Divine Justice and the Problem of Evil
Divine justice and the problem of evil is a fundamental question and one of the most discussed topics among theologians and philosophers in the last two thousand years. The most important reason for this attention given to the subject is that human beings have always been faced with natural and moral tragedies. Consequently, some philosophers have doubted God’s justice; others have denied the existence of God or believed in duality, because they were not able to how God, the Benevolent, the Omnipotent, the Omniscient can let these happen.1 Among the Christian thinkers, there have been two historical types of theodicy: Augustine theodicy and Irenaen theodicy. The core of Augustine theodicy is goodness of God and goodness of the created world, but because of the Original Sin, all problems associated with pain and suffering have emerged. In contrast, the Irenaen theodicy is built on the purpose of a soul-making process. Among Muslim theologians, Abu’l Hasan Ash‘ari and his followers denied objectivity of justice and injustice and maintained that whatever is done or commanded by God is good and just. On the contrary, the Mu‘tazilites and Shi‘ites believe in the objectivity of justice and choose divine justice as one of their principles. They believe that God does and commands only what is objectively good and just.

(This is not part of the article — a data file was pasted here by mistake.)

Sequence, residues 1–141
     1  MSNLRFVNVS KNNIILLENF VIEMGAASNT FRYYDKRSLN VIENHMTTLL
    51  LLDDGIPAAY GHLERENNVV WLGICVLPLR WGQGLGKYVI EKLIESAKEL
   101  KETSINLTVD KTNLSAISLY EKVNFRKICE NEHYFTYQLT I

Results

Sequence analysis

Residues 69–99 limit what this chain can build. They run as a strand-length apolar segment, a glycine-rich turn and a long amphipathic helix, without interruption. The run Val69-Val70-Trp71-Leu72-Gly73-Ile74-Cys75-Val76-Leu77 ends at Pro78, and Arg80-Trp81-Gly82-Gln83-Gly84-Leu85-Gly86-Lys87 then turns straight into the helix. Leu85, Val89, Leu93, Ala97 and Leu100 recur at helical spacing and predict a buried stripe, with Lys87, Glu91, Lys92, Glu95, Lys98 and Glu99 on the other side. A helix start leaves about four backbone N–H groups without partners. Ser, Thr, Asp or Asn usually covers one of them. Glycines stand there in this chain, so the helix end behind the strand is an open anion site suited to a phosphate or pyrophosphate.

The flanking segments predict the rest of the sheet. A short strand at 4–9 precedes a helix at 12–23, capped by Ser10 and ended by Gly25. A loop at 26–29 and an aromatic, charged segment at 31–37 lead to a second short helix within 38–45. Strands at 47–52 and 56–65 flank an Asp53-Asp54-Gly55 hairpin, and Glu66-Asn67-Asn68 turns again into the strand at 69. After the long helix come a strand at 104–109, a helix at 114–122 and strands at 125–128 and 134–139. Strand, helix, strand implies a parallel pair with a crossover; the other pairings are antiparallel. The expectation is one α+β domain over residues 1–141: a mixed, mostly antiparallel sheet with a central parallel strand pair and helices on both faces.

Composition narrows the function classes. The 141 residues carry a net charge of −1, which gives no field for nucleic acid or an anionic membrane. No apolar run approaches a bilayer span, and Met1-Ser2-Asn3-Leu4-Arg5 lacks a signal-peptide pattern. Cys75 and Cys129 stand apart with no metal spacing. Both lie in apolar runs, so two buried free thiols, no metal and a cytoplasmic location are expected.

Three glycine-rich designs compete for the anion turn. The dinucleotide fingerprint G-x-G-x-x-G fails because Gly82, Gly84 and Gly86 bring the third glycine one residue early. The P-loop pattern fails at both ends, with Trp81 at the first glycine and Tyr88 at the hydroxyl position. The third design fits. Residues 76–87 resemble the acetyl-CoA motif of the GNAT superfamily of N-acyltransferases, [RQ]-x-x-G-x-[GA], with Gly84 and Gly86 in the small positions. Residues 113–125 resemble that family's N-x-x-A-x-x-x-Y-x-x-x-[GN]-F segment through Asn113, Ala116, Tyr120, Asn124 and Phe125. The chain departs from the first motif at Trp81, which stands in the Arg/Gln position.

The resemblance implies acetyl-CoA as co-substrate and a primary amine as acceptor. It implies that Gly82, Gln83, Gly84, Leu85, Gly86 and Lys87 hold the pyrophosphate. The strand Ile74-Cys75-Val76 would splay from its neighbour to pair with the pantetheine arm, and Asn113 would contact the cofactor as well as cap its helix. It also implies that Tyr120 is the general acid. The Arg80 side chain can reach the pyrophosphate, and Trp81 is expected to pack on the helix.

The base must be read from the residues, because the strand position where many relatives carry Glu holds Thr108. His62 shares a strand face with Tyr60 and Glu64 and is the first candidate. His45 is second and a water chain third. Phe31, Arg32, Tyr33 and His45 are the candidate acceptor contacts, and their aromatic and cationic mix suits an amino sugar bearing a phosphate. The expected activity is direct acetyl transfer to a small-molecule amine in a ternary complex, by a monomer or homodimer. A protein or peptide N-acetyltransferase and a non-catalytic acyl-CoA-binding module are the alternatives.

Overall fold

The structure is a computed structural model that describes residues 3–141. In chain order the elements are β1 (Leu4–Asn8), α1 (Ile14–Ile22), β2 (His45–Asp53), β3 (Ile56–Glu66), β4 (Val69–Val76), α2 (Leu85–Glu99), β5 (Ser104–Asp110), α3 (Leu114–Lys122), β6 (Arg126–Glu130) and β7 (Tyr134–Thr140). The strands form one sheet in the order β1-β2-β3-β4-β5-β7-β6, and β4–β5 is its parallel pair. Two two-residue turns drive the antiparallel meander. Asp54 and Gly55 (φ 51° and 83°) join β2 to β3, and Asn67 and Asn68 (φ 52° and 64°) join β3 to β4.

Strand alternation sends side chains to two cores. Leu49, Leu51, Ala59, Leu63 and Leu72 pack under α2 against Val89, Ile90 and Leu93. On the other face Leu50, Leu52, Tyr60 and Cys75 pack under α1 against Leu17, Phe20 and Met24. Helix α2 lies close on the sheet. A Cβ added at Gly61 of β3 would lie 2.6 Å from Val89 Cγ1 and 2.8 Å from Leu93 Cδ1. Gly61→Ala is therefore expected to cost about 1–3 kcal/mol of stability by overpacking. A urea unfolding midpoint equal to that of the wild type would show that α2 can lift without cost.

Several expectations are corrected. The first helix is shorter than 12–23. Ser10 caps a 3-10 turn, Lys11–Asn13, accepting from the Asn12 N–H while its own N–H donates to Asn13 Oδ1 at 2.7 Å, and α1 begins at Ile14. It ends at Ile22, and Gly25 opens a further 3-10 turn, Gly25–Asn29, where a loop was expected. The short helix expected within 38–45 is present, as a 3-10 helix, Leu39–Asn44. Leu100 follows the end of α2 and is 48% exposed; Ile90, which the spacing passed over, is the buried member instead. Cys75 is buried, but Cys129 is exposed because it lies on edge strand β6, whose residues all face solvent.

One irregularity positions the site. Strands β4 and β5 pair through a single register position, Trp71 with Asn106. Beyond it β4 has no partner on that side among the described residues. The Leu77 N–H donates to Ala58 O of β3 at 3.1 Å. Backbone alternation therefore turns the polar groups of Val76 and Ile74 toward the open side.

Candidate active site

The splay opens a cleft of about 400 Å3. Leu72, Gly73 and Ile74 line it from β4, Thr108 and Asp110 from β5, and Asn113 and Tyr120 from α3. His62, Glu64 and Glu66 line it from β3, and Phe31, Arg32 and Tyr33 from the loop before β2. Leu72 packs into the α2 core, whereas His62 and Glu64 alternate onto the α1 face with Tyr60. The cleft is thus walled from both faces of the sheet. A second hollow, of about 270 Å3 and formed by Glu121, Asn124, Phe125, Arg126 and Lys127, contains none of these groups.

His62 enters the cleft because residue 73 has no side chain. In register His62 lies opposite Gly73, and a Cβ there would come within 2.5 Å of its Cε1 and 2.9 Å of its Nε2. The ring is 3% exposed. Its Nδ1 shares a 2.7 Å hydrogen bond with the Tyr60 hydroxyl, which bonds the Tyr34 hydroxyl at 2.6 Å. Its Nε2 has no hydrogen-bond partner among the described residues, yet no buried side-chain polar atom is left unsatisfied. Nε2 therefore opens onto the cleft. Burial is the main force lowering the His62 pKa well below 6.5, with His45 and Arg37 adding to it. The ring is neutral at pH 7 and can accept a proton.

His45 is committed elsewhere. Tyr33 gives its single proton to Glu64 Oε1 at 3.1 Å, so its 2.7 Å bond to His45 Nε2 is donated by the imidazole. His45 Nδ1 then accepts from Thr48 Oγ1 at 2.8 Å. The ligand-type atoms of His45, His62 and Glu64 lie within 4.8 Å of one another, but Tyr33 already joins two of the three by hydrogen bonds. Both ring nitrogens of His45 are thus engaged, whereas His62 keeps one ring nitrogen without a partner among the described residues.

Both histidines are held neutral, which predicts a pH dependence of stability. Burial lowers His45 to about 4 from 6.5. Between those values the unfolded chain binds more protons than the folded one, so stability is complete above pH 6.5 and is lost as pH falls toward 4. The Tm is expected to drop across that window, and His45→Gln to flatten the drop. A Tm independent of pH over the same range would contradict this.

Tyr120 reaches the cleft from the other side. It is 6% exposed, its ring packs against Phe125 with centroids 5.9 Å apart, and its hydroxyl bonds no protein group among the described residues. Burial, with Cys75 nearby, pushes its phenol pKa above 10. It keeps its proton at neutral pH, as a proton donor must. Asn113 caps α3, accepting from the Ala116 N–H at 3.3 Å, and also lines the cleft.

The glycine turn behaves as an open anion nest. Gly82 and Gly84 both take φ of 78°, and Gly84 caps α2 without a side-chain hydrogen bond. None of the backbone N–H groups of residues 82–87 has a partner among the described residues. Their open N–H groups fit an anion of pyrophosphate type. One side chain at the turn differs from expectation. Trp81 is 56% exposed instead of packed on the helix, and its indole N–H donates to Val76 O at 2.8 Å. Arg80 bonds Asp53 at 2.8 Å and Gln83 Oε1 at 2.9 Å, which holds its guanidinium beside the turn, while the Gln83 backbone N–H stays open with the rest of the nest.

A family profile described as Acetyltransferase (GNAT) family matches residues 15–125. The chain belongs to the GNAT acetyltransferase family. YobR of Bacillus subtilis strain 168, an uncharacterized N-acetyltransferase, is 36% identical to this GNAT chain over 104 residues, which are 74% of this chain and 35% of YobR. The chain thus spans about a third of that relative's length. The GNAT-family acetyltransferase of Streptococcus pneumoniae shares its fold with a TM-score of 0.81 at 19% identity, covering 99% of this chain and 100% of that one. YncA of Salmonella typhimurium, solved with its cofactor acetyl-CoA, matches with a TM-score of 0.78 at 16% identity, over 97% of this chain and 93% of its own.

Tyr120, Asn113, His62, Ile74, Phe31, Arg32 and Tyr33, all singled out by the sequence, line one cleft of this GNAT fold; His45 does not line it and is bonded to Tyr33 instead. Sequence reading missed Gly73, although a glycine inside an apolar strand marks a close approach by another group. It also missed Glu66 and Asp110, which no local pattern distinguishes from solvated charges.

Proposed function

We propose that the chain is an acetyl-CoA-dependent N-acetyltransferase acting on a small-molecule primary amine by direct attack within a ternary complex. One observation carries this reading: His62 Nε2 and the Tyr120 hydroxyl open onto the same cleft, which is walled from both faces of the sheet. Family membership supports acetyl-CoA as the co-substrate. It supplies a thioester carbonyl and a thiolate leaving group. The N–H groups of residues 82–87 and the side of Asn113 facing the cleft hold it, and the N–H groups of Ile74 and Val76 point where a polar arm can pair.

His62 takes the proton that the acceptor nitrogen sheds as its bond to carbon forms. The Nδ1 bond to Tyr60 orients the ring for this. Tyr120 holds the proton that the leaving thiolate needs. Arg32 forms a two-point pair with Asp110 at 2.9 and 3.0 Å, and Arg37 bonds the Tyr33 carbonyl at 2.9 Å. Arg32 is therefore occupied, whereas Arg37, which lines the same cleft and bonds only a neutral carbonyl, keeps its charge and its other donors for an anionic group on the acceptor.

In this paper, we will first analyse the problem of evil and divine justice in general terms from a historical perspective. The phenomena of pain and suffering shall also be discussed. Then we will focus on the notion of divine justice and the extent to which this relates to the problem of evil from the point of view of Augustine theodicy. Finally, there will be a discussion about what I think to be an appropriate position to be held.